Last week, SEC Chair Mary Jo White testified before the U.S. Senate Committee on Banking, Housing, and Urban Affairs. Several of Ms. White’s comments may be of interest to potential SEC whistleblowers.
1. Testimony: SEC Sets Records in 2015
According to Ms. White, “The SEC filed a record 807 enforcement actions in FY 2015 covering a wide range of misconduct, and obtained orders totaling $4.19 billion in disgorgement and penalties, both at record levels.” (Testimony, p. 5.)
Ms. White further testified that “Each of the last three years has been marked by vigorous enforcement and examination programs, empowered with new tools and methods to detect and hold wrongdoers accountable and protect investors.” (Testimony, p. 1.)
As I reported previously, during that same testimony, Ms. White also praised the SEC Whistleblower Award Program as having had “a transformative impact on our enforcement program.”
2. Testimony: Key Areas for SEC Enforcement
One question that potential SEC whistleblowers often wonder is whether the SEC will be interested in the wrongdoing they have uncovered.
During her testimony, Ms. White identified several “key areas” that the SEC continues to focus on. One area that Ms. White called “critical” is “financial reporting and issuer disclosure.” According to Ms. White:
Comprehensive, accurate, and reliable financial reporting is the bedrock upon which our markets are based, and is essential to ensuring public confidence in them. And at my direction, since 2013, our Enforcement Division has intensified its focus on pursuing violations in this area. Part of this effort involved creating a dedicated group of accountants, attorneys, and analysts who use cutting edge data analytical tools to look for evidence of reporting discrepancies and other early warning signs of financial reporting fraud. (Testimony, p. 6.)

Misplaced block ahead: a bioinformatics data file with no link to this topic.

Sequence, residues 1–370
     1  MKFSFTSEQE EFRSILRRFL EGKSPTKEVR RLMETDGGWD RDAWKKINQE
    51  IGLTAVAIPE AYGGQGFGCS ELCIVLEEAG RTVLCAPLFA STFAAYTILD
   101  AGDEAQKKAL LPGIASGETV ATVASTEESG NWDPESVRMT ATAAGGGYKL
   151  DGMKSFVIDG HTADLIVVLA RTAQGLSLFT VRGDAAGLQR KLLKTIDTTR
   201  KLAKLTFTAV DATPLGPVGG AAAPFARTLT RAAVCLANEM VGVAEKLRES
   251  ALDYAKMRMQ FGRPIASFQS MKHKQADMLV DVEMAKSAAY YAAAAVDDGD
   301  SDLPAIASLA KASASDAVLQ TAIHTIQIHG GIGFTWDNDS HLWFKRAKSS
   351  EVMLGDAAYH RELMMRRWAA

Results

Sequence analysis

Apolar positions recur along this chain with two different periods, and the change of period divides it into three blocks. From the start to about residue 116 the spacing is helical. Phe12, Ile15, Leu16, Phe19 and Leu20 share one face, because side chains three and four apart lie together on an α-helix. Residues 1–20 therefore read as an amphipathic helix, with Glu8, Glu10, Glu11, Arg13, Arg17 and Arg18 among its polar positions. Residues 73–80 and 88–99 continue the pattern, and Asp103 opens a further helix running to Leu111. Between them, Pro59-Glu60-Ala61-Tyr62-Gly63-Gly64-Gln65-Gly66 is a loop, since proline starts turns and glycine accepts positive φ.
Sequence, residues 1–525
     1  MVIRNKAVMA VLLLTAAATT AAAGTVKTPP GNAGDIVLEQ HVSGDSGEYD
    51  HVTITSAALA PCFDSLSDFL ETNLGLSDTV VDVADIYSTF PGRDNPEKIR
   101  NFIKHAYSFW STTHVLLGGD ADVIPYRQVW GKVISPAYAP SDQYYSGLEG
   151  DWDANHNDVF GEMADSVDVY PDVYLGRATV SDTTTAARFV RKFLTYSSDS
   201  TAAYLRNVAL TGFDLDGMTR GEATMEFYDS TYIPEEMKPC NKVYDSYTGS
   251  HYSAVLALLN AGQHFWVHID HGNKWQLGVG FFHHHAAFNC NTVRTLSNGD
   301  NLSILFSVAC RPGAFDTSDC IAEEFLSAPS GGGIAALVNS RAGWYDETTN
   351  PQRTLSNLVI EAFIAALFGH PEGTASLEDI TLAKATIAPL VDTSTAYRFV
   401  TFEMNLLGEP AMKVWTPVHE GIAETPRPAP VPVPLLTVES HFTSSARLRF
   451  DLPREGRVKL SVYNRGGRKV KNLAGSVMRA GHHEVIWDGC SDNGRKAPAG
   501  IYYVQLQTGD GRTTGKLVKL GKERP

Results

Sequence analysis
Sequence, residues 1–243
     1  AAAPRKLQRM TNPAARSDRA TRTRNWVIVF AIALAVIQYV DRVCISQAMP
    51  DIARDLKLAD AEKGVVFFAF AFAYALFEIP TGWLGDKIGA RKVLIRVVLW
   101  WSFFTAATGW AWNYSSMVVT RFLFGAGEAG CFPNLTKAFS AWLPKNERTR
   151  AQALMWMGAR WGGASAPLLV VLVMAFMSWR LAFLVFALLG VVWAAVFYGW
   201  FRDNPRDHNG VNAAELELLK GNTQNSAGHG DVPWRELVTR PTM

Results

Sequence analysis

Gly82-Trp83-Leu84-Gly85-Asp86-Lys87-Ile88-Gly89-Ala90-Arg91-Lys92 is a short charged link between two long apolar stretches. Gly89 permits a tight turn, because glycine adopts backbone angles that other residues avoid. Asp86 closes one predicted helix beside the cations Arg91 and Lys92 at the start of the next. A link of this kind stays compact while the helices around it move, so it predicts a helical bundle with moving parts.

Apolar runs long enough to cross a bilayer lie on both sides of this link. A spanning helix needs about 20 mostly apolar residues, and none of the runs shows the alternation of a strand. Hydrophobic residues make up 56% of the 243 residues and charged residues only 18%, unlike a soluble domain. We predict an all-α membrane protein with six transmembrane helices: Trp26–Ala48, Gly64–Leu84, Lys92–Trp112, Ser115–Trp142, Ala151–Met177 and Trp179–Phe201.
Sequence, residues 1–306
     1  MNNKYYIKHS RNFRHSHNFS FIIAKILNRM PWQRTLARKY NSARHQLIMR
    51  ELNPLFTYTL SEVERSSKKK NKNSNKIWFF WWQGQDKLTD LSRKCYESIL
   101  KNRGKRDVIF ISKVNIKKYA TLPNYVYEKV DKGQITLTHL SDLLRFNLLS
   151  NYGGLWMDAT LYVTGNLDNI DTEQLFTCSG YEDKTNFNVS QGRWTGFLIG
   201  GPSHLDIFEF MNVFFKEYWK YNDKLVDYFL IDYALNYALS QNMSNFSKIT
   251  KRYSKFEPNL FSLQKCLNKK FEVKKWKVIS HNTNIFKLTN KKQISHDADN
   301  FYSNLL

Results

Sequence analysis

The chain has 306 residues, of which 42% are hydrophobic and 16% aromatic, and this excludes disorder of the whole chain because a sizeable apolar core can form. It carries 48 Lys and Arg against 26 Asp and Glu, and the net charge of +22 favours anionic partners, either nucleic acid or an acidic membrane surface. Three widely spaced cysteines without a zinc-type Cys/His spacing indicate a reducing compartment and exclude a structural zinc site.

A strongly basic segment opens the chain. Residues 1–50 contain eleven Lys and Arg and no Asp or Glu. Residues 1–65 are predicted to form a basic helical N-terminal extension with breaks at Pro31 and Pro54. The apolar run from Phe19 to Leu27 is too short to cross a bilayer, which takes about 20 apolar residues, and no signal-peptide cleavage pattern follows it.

Another “key area of enforcement” that Ms. White addressed is investment management:
… the SEC has continued to bring actions addressing a widening range of issues, including performance advertising, undisclosed conflicts of interest, compliance issues, and private equity fees and expenses. Among these are “first-of-their-kind” actions for failures to report material compliance matters to fund boards and the improper allocation of expenses by private equity advisers. The Enforcement Division’s focus on private equity has expanded significantly over the past few years … (Testimony, p. 6.)
Other areas that Ms. White identified during her testimony included:
- high frequency trading
- the operation of trading platforms such as dark pools
- manipulative trading
- misusing confidential customer trading information
- market access
- technology controls, and
- net capital violations
(Testimony, p. 6.)
3. What Else does the SEC Investigate?
In an earlier post, I wrote about anti-money laundering charges that the SEC recently brought against a Wall Street brokerage firm for “failing to sufficiently evaluate or monitor customers’ trading for suspicious activity” by failing to file Suspicious Activity Reports (SARs). Some other things that the SEC can and does investigate include:
• Accounting frauds
• Books and Records violations
• Financial Statement frauds
• Initial Public Offering frauds (IPOs)
• FCPA violations (bribery or improper payments made to foreign officials)
• Deceptive practices in buying or selling stocks
• Municipal Securities frauds
• and more
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As an SEC whistleblower law firm, The Pickholz Law Offices has represented employees, officers, and others in SEC whistleblower cases involving financial institutions and public companies listed in the Fortune Top 10, Top 20, Top 50, Top 100, Top 500, and the Forbes Global 2000. We were the first law firm ever to win an SEC whistleblower award for a client on appeal to the full Commission in Washington, an achievement that Inside Counsel magazine named one of the five milestones of the SEC whistleblower program.
If you would like more information about the SEC Whistleblower Award Program or The Pickholz Law Offices’ SEC whistleblower practice, please click on the links to the right and top of this page.
If you would like to speak with an SEC whistleblower lawyer, you can call Jason R. Pickholz at 347-746-1222.
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